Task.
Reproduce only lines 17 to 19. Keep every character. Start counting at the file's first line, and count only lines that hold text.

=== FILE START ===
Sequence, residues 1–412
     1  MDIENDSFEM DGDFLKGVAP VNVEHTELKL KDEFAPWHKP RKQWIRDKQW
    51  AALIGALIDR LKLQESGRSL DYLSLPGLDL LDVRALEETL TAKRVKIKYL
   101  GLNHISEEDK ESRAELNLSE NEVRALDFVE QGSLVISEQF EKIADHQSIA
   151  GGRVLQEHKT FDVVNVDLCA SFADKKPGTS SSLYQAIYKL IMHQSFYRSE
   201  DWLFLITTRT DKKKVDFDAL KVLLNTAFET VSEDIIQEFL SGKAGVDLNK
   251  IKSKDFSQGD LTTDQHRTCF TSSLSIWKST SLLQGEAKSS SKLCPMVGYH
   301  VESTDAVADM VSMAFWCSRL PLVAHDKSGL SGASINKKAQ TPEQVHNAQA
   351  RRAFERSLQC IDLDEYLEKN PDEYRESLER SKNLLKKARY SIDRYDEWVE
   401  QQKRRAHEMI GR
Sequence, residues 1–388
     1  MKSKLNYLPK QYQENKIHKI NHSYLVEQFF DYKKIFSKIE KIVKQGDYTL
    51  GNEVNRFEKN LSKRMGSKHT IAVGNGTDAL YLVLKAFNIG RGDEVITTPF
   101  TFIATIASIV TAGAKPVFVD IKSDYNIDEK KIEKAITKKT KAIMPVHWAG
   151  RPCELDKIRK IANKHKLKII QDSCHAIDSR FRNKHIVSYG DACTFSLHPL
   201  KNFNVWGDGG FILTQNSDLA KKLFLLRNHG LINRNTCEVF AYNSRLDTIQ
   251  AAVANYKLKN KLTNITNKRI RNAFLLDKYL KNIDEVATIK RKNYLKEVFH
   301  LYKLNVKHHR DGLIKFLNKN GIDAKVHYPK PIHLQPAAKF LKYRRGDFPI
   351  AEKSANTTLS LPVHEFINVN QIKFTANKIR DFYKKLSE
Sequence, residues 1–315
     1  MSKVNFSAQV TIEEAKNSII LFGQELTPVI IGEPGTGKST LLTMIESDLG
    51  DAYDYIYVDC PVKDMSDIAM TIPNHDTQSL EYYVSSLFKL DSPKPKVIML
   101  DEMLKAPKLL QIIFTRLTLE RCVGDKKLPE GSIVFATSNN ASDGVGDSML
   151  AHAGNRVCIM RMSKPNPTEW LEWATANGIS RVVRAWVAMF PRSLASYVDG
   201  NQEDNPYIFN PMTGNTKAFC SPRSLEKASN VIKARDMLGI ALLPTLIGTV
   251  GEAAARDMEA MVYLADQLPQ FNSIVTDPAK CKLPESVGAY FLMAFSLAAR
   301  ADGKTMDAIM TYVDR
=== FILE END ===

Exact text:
   251  AAVANYKLKN KLTNITNKRI RNAFLLDKYL KNIDEVATIK RKNYLKEVFH
   301  LYKLNVKHHR DGLIKFLNKN GIDAKVHYPK PIHLQPAAKF LKYRRGDFPI
   351  AEKSANTTLS LPVHEFINVN QIKFTANKIR DFYKKLSE